To mitigate public unrest, Somali citizens should consider signing a petition against the unconstitutional electoral law. Article 86 (d) of the PC allows ten thousand (10,000) citizens to challenge the constitutionality of a law. In absence of a constitutional court, the petition should be submitted to the President, federal parliament, federal member states, the office of the United Nations Mission for Somalia (UNSOM), and African Union Mission for Somalia (AMISOM), and to the association of Somali lawyers for immediate suspension.

The Somali people are looking forward to an election based on an enhanced 2016 electoral model to be agreed among political stakeholders for way-out of the current impasse and for less problematic election in November 2020. The fraudulent election will open a Pandora box that will undo years of sacrifices and investments.

The peace, stability, and prosperity of Somalia depend on democratic elections and not on President Farmajo’s hold on to power or anyone else. Elections refrain citizens from protests and violence in the streets. President Farmajo knew long before three-years ago that one of the highest priorities in his term in office was the preparation of one person one vote free and fair election in 2020/2021. But he chose willfully to do nothing.

The underlying conditions for a free and fair election are freedom of media, free expression, the neutrality of security forces, equal access to state media, and prohibition of the use of public resources and institutions for election purposes. The federal parliament issued law curtailing media freedom. Independent media representatives protested vehemently against the law censoring free speech and free media and appealed to President Farmajo not to sign the law. In the words of Amnesty International, “Amnesty International has documented dramatic deterioration in the right to freedom of expression and media freedom since President Mohamed Abdullah Farmajo took office in February 2017There is also the widespread allegation of bribery of media outlets by the Somali government officials at the office of the president reportedly paid monthly bribes to some media owners and directs not to publish unfavorable stories.” Unfortunately, the federal government shows no signs of yielding on state media monopoly for fairness, integrity, transparency, and accountability.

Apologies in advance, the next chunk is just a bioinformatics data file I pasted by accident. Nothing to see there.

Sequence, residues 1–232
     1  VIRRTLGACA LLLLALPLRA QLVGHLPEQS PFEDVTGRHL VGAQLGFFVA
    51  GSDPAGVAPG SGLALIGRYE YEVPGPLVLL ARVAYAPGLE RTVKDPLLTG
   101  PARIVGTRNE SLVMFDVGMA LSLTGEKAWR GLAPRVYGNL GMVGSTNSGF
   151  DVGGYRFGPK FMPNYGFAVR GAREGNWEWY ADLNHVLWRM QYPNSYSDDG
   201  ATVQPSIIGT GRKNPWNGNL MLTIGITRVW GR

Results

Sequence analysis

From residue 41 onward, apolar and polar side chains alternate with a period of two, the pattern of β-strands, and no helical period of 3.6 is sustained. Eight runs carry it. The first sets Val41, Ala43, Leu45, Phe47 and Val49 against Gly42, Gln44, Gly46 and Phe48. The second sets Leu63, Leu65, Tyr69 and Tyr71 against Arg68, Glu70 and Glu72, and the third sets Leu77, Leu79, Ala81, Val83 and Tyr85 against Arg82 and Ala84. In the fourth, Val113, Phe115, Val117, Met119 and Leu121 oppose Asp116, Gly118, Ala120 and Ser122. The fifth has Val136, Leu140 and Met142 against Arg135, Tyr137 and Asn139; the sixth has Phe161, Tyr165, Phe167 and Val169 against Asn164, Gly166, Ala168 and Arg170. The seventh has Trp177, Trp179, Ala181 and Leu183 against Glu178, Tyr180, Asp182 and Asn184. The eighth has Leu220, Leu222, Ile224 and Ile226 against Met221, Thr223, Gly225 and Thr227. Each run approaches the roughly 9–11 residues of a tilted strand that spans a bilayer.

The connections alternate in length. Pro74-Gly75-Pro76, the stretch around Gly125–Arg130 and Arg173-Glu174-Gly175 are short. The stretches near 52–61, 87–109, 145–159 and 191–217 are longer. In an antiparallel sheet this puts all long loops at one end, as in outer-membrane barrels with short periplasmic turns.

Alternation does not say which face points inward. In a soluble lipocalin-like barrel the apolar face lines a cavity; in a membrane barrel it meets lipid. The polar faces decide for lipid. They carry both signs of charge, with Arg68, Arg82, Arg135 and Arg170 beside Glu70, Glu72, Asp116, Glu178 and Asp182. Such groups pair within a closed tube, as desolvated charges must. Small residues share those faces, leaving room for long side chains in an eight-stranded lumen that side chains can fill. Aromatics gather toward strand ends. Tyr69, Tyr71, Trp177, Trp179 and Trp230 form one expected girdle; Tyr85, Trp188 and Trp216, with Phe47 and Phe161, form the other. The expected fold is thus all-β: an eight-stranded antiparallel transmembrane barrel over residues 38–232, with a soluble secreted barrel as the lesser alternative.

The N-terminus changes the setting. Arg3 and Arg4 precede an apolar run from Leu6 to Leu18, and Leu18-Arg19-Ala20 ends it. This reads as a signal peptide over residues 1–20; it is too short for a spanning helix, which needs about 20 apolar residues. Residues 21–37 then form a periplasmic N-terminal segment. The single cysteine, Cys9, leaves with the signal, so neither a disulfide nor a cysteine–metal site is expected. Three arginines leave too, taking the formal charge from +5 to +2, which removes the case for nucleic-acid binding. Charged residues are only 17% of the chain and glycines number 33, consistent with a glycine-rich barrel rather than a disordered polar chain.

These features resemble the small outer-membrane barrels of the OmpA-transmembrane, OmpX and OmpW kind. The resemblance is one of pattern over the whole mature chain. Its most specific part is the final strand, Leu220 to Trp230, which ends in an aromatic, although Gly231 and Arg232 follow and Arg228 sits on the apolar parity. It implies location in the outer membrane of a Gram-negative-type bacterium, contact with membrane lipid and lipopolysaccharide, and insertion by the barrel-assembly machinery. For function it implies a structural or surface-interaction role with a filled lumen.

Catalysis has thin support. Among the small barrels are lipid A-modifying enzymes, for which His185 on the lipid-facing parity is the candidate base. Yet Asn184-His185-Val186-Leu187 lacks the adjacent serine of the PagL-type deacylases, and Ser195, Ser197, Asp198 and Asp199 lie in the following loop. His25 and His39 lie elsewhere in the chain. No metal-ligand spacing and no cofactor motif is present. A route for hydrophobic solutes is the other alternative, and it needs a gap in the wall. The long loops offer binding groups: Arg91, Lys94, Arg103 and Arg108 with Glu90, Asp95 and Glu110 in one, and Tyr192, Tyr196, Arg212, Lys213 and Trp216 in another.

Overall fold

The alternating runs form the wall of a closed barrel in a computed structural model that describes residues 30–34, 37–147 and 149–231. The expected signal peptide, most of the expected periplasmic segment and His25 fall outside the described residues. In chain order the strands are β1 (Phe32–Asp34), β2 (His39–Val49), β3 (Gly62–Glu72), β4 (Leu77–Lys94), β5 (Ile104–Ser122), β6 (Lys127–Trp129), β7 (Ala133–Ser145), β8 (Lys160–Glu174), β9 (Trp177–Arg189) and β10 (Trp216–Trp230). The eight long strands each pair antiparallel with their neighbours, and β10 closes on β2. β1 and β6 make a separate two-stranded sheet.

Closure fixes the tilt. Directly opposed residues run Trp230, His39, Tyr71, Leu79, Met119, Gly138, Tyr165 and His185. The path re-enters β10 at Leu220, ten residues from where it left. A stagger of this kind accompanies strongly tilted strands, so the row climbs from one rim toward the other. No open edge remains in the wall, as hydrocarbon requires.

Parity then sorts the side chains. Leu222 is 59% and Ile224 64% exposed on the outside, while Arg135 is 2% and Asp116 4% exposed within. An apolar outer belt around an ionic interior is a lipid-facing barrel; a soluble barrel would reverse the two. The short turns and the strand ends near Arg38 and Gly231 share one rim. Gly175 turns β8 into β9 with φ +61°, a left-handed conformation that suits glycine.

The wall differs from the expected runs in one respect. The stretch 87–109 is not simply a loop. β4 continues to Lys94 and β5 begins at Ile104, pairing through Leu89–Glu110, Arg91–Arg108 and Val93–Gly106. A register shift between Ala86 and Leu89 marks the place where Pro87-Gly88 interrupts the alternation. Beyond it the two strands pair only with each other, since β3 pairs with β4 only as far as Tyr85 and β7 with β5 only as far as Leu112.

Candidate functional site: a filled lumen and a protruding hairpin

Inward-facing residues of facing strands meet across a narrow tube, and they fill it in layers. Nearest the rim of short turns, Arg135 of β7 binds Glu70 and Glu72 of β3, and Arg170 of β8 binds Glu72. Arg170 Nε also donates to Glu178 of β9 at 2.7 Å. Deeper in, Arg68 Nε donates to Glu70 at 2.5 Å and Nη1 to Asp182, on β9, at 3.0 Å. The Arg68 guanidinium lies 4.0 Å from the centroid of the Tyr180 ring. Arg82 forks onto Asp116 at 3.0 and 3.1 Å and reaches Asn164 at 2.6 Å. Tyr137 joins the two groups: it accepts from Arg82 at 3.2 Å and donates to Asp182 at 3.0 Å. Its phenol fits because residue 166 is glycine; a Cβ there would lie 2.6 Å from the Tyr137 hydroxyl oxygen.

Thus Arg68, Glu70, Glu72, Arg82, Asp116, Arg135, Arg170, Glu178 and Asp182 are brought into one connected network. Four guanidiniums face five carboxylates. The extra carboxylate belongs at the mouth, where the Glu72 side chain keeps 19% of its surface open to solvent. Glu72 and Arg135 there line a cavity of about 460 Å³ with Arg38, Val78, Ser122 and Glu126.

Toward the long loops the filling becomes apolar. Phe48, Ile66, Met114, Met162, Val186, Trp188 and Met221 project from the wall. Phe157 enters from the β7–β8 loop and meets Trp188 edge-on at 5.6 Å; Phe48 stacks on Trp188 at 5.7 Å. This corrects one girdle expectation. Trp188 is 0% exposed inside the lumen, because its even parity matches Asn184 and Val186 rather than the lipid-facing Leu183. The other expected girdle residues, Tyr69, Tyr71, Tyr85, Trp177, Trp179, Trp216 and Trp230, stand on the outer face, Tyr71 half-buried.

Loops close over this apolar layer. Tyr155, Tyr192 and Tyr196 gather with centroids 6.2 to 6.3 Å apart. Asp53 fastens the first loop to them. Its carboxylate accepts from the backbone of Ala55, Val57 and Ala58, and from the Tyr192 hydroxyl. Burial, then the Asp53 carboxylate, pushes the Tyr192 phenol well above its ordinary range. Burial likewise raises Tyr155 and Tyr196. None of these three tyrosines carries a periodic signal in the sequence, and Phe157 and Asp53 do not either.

International partners should not support an authoritarian system of governance, term extension or fraudulent election, misuse of public funds, security forces and judiciary institutions for personal political benefits. The international partners should repudiate policies that compromise a peaceful and prosperous future of Somalia.

Dr. Mohamud M. Uluso